Benacre Broad – a double spring swim

benacre-broad“I had come down the path along the disintegrated cliffs from the magnificent ruined church at Covehithe. Each year, the path moves further inland across the fields because great hunks of England keep falling away in the winter storms.”

A hazy spring sun hangs out to sea as we pull up by the ruins of Covehithe church. A coastal breeze is whipping up the sunken road, where a sign warns us ‘No Access To The Beach’. Today’s mission is a dual swim, in the sheltered salty lagoon of Benacre Broad, before following in Roger’s footsteps and hopping into the swell of the North Sea. I’m joined by Yanny, whose amazing guidance on my Waveney swim last autumn has been a highlight of my trips so far. With him is his lovely wife Suz and my good friend, the writer Molly Naylor.

Much has changed here since Waterlog was written. The cliffs continue to edge ever closer to the marvellous church, the path Roger walked to Benacre now shifting sand under the heavy longshore drift. Nonetheless, we stride past the no access signs and branch off across the same rolling field Roger would have traversed (albeit now significantly smaller) towards a small wood, from which opens out the vast expanse of Benacre Broad.

Across a heavy wooden gate, the broad appears calm, the sea roiling to our right. The still waters of the salt lagoon are covered in migrating birds: bitterns, terns and plovers arriving to nest and rear their young. When Roger swam here, Benacre Broad was a freshwater oasis. Now the sea’s salt has begun to seep in, beginning the slow process which will eventually see this glorious reserve become part of the muddy ocean.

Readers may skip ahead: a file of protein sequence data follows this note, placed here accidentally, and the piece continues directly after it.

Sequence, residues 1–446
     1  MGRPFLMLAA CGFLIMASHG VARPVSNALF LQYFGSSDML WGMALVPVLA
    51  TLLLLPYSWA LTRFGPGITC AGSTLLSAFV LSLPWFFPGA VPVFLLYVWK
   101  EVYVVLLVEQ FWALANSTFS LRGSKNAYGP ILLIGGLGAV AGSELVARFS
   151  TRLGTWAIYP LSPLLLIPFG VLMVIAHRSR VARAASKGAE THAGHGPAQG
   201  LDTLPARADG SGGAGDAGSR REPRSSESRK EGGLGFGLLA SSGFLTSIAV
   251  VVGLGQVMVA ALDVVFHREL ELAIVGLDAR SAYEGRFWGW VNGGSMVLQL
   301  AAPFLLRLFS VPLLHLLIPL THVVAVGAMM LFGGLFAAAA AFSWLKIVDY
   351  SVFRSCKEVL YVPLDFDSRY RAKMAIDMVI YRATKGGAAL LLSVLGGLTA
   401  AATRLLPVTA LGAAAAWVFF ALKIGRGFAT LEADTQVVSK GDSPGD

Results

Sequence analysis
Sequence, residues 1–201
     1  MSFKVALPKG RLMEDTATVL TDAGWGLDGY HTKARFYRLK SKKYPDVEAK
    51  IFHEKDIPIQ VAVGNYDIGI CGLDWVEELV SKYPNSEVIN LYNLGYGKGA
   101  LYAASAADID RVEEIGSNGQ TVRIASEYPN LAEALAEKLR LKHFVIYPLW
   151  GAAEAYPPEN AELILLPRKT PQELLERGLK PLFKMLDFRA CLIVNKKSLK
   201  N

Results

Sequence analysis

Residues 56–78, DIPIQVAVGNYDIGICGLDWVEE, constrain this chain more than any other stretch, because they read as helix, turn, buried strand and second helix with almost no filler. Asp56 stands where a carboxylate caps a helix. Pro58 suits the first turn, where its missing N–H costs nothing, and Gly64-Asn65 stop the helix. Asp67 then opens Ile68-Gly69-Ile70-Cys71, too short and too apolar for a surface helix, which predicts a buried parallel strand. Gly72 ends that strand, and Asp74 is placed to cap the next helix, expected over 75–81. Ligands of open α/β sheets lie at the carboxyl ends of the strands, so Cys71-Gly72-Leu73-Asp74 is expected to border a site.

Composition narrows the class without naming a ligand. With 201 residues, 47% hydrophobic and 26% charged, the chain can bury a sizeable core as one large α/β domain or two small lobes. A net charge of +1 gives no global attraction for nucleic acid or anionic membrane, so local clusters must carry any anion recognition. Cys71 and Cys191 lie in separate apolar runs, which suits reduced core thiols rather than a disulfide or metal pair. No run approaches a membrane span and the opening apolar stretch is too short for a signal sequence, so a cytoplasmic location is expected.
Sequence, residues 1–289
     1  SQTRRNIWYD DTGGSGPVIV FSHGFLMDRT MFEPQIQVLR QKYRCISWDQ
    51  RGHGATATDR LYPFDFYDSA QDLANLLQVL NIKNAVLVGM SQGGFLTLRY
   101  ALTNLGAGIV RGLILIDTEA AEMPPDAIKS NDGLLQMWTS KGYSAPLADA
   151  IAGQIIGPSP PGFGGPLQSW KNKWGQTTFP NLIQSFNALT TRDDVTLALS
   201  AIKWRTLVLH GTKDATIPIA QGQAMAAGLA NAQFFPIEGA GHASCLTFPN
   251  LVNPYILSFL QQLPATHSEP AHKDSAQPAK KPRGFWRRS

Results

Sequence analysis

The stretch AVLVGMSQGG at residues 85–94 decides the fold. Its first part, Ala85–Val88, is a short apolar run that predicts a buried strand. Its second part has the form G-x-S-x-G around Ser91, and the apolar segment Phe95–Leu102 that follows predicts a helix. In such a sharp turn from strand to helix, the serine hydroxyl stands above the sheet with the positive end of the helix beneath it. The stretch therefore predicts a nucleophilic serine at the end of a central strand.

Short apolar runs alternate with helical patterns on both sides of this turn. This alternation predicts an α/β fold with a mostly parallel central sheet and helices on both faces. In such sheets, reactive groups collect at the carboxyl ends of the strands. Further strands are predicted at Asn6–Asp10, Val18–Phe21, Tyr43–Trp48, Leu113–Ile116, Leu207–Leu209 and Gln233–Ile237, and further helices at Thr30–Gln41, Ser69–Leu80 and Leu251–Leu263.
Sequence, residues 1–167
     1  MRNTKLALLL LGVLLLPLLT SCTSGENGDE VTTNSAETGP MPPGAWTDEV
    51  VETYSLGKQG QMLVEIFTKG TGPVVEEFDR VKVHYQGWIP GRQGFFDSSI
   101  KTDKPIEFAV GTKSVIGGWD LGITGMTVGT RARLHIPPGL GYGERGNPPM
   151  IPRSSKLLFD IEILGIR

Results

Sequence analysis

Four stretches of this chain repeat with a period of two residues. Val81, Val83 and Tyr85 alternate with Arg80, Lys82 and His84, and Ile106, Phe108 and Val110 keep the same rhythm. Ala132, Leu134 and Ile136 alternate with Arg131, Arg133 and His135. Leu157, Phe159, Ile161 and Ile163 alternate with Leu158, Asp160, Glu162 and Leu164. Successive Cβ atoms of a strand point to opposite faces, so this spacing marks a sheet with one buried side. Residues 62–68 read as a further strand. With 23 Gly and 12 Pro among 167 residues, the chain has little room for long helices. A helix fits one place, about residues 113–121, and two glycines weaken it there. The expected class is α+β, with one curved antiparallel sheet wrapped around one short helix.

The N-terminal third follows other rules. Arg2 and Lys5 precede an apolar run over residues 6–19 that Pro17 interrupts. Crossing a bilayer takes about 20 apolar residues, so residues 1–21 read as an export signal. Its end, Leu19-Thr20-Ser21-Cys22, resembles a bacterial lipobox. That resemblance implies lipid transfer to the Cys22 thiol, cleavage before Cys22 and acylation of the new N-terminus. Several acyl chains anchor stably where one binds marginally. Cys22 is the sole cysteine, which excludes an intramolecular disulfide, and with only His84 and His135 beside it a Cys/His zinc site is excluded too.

After exploring the empty hide overlooking Benacre, it becomes clear that our mission to swim in the broad is to be thwarted. Two fences, one electrified, are strung tautly along the beach, protecting the burgeoning ground nests. Rather than take the risk of an electric shock or unwittingly terrifying some of Britain’s rarest birds, we decide to head for the sea instead. I won’t be repeating Roger’s 30 yard yomp across the beach, contrasting the warm siltiness of one body of water, with the chill, churning effects of another.

Quickly stripping off, wetsuit remaining buried in my rucksack, Molly and I make tentative moves towards the crashing waves. The first water to hit my feet immediately numbs my toes. We stride on. By now, the beach has shelved and the current is lulling me towards the depths. One more step and we both take the plunge.

Gasping for air, I push forward with an attempt at strong breaststroke which is probably more akin to the doggy paddle that was my stock in trade until I was about 21. Fully numb, I roll onto my back and take in the enormity of the sky. Nowhere in the UK has skies like the Norfolk coast, all endless hazy blues and stratus clouds. I can tell as I attempt a few more strokes that today’s swim will be brief. But as I turn to Molly and announce my exit, I’m overwhelmed by how good doing this makes me feel. Without the wetsuit, I feel more alive, more in touch with what’s going on around me.

Staggering up the sand and towards a hot flask of coffee, my body doesn’t descend into its usual post-swim shivers. Instead, I’m overtaken by a warm glow. Rubbing myself dry and getting dressed, sand in my jeans and in the far corners of my socks, I’m reminded why wild swimming is my favourite thing in the world.

Roger would doubtless still recognise this place, despite all the changes. The skeletal trees he mentions on his August swim here are still in evidence, weathered remnants of another time. The same empty skies and the birds swooping to land overhead too. We walk back slowly to Covehithe church and I think of how this landscape is always changing, but always staying the same.

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